$pdo->beginTransaction();

    try
    {
        // Prepare the statements
        foreach($sql as $stmt_name => &$sql_command)
        {
            $stmt[$stmt_name] = $pdo->prepare($sql_command);
        }

        // Delete the privileges
        $stmt['privileges']->bindValue(':groupID', $_POST['groupID'], PDO::PARAM_INT);
        $stmt['privileges']->execute();

        // Delete the group
        $stmt['groups']->bindValue(":groupID", $_POST['groupID'], PDO::PARAM_INT);
        $stmt['groups']->execute();

        // Delete the user 
        $stmt['users']->bindParam(":groupID", $_POST['groupID'], PDO::PARAM_INT);
        $stmt['users']->execute();

        $pdo->commit();     
    }
    catch(PDOException $e)
    {
        $pdo->rollBack();

        // Report errors
    }    
}
|improve this answer|||||
  • Wow thanks for the bindParam/Value info...all the PDO tutorials I've read have used bindParam.. That code looks great, I will tinker with your ideas, makes alot of sense. – guyfromfl Dec 23 '11 at 17:24
  • I'm getting an error when it tries to delete the users in that group. The error says near Group=38... The other two queries still delete the other rows in the other tables, seems the transaction is not working properly... – guyfromfl Dec 23 '11 at 18:30
  • GROUP is an SQL reserved word, so you may need to put it in back-quotes. But it would be better to rename it, so it's not a reserved word, and also so all your tables name it GroupID consistently. – Bill Karwin Dec 23 '11 at 20:39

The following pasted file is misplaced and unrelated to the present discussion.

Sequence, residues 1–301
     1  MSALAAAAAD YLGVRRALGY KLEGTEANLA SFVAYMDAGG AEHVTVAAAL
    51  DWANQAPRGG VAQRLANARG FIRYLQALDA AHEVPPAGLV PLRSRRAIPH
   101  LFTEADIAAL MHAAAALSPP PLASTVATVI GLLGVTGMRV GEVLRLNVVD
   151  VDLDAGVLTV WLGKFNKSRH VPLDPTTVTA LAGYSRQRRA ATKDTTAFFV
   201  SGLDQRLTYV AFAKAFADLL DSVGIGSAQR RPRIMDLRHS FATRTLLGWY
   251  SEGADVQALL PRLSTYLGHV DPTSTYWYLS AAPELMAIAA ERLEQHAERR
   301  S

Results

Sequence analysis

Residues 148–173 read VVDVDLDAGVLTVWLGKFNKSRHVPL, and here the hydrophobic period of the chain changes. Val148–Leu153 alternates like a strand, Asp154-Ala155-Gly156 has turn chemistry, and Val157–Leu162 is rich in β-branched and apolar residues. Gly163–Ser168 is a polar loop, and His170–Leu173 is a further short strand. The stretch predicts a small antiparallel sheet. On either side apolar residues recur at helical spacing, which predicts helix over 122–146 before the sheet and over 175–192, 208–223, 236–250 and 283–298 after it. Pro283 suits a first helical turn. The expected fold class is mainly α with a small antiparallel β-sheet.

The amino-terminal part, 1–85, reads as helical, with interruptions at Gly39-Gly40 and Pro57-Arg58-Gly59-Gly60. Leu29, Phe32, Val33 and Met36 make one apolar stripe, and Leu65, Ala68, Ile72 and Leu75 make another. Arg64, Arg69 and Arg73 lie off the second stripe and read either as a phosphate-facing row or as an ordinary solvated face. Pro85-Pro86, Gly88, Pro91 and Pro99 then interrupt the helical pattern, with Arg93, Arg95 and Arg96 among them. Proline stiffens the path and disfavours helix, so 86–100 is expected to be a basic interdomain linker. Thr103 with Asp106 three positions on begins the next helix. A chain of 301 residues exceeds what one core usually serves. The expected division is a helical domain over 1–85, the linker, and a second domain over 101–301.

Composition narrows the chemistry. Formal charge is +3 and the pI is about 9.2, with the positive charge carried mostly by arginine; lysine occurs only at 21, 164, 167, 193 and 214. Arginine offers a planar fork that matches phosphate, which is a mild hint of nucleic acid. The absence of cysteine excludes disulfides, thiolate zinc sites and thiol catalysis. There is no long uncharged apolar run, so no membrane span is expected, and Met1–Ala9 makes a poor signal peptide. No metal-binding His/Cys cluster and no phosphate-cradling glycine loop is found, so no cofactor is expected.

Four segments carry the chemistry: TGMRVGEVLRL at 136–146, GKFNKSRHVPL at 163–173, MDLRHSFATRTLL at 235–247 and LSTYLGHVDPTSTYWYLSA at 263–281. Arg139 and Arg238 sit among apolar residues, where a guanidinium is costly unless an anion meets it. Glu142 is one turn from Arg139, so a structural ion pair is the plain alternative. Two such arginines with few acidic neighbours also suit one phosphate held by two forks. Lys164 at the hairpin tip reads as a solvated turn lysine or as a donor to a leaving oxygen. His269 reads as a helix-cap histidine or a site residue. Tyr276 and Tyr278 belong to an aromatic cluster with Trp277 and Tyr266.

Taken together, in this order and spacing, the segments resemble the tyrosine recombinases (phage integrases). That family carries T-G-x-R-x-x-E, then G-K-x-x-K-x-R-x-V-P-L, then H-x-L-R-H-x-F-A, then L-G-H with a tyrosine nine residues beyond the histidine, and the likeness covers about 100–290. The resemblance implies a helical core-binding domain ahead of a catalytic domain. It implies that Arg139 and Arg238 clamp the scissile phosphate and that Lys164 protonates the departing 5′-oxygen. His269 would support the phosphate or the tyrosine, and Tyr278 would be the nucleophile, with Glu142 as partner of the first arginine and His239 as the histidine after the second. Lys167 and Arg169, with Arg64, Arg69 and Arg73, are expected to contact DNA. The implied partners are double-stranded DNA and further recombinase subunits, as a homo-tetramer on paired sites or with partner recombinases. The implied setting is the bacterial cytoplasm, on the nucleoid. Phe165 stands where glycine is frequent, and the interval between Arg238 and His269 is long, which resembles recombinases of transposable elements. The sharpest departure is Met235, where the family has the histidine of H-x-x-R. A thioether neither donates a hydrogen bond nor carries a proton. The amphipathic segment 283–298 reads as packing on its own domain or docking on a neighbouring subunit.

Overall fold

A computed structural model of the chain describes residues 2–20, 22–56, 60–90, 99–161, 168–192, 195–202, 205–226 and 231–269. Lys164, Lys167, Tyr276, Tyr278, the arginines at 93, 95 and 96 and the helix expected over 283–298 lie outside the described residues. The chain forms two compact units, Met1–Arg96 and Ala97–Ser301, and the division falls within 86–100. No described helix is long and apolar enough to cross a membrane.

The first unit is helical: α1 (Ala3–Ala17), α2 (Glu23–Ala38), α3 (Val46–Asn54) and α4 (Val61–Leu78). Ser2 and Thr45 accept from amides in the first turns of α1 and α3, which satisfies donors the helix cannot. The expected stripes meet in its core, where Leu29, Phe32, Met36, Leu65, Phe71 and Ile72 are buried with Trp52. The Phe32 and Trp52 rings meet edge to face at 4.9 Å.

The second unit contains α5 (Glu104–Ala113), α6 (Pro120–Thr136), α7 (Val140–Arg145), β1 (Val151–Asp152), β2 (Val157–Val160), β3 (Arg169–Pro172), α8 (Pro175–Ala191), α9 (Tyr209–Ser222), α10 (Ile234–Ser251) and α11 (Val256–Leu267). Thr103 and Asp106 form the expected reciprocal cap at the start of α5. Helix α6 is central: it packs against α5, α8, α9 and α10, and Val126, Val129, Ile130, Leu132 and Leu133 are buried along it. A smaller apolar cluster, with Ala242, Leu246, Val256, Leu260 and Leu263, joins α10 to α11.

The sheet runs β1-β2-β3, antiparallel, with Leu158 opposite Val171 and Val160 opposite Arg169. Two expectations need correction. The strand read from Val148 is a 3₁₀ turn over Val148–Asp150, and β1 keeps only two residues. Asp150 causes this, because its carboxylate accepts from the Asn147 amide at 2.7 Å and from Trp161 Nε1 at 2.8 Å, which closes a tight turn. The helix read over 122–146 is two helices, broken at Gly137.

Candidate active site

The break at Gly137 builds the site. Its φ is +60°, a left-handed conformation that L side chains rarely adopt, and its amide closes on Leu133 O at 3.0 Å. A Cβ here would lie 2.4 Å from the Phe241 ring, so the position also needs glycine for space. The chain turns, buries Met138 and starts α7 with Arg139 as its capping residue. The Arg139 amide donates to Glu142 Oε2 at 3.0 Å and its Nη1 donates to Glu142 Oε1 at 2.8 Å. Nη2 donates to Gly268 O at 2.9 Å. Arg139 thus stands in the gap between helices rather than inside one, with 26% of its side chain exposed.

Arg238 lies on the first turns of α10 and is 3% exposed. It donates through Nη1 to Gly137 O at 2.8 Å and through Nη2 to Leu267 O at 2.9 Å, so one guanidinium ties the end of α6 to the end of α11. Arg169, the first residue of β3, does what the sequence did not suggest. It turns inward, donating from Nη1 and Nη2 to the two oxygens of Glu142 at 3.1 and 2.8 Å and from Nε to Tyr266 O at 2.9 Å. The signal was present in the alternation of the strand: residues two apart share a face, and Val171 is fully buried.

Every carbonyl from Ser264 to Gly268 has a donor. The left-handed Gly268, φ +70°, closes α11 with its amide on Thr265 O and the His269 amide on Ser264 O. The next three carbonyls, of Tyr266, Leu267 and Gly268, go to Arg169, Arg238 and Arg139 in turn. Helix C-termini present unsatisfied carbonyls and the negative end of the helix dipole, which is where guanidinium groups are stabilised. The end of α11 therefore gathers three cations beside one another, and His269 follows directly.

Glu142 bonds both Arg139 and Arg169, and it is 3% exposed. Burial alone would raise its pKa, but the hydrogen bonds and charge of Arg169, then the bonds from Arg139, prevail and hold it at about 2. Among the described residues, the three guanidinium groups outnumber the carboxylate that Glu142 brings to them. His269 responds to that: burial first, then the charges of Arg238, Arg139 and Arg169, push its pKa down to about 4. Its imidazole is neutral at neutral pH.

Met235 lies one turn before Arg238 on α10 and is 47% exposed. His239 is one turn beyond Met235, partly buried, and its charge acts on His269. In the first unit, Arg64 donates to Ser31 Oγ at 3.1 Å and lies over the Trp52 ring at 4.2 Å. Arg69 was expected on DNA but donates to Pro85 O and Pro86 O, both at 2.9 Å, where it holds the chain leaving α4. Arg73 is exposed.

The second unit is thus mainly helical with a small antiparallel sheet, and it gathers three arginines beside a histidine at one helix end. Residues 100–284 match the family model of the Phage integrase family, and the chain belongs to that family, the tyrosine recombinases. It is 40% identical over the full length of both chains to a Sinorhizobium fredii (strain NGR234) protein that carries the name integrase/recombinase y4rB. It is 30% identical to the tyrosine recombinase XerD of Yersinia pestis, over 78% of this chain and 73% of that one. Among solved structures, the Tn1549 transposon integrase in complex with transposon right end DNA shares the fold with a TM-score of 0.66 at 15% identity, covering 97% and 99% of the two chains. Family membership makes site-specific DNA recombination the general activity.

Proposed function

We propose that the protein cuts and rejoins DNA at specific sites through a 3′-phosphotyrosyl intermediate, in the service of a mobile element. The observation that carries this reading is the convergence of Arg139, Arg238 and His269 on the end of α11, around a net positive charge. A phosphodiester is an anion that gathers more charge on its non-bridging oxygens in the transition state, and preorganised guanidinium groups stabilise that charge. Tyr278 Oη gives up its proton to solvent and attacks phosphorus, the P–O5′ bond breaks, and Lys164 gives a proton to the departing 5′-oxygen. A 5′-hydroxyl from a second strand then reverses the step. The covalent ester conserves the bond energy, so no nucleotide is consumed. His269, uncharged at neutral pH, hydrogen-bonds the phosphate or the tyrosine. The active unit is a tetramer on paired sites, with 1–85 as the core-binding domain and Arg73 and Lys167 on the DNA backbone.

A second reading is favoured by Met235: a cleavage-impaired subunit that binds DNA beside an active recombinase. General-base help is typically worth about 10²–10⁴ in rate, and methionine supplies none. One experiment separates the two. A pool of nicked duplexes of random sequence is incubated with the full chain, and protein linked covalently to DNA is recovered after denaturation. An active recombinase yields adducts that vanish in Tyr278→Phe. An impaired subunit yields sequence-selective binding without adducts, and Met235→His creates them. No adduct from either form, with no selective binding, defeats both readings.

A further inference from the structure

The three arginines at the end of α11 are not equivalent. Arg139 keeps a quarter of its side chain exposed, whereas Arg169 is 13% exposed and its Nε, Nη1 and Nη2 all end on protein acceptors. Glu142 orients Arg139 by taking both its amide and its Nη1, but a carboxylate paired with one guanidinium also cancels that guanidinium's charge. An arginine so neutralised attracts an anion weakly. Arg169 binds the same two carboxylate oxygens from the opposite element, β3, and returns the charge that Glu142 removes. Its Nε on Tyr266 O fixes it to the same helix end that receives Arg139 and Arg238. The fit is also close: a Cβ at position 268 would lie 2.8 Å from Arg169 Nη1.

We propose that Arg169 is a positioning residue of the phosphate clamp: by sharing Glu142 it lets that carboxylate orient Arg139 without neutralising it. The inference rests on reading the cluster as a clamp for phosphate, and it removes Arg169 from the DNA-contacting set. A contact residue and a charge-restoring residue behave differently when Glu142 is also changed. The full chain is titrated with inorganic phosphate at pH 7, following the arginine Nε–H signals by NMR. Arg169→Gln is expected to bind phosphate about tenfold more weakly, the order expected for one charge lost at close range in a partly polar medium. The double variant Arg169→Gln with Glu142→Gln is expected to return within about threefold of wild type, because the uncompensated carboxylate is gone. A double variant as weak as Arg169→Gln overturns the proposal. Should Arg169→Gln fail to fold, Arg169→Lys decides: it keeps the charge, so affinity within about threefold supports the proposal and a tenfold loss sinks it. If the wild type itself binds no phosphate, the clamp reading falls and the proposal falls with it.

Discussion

6

I wouldn't prepare & execute the transaction statements. I'd use PDO::beginTransaction() , PDO::commit(), and PDO::rollback().

PDO::prepare() and PDO::execute() return FALSE if there's an error, or else they throw PDOException if you setAttribute(PDO::ATTR_ERRMODE, PDO::ERRMODE_EXCEPTION).

In your exception handler, you should check PDO::errorInfo() and report the nature of the error. Best practice is to log the raw error info, but give the user a more friendly message.

Don't echo the literal error message in the UI -- this can give the user inappropriate knowledge about your SQL query and schema.

|improve this answer|||||
  • Yea I just learned of the transaction methods earlier. The whole reason I wanted to control it with if statements is its easier, for me and my limited experience, to catch the specific error. I also read that try's aren't ideal for what I'm doing for various reasons. Thanks for the info. alot to look into! – guyfromfl Dec 23 '11 at 17:22
  • I just double checked, the setAttribute option is set to be passed when I instantiate the $dbo object, so we are good there..thanks for the feed back – guyfromfl Dec 23 '11 at 17:44
4

PDO Statement's execute() returns TRUE on success and FALSE on failure, so you can test the return value of the previous execute() in your if statement.

$pdo_result = $dbs->execute();
if ($pdo_result) {
    // handle success
} else {
    // handle failure
    // you can get error info with $dbs->errorInfo();
}

That said, as @Bill Kerwin correctly points out (in his answer that I'm totally upvoting because it's exactly correct), it would be preferable to use PDO::beginTransaction(), PDO::commit(), and PDO::rollback().

|improve this answer|||||
  • How do I know what caused the error? I would like to make it responsive to the problem. Sorry first transaction still kinda new to PDO... Thanks for the response – guyfromfl Dec 23 '11 at 16:59
  • 1
    $dbs->errorInfo() See documentation at php.net/manual/en/pdostatement.errorinfo.php for an explanation of its return value. – Trott Dec 23 '11 at 17:01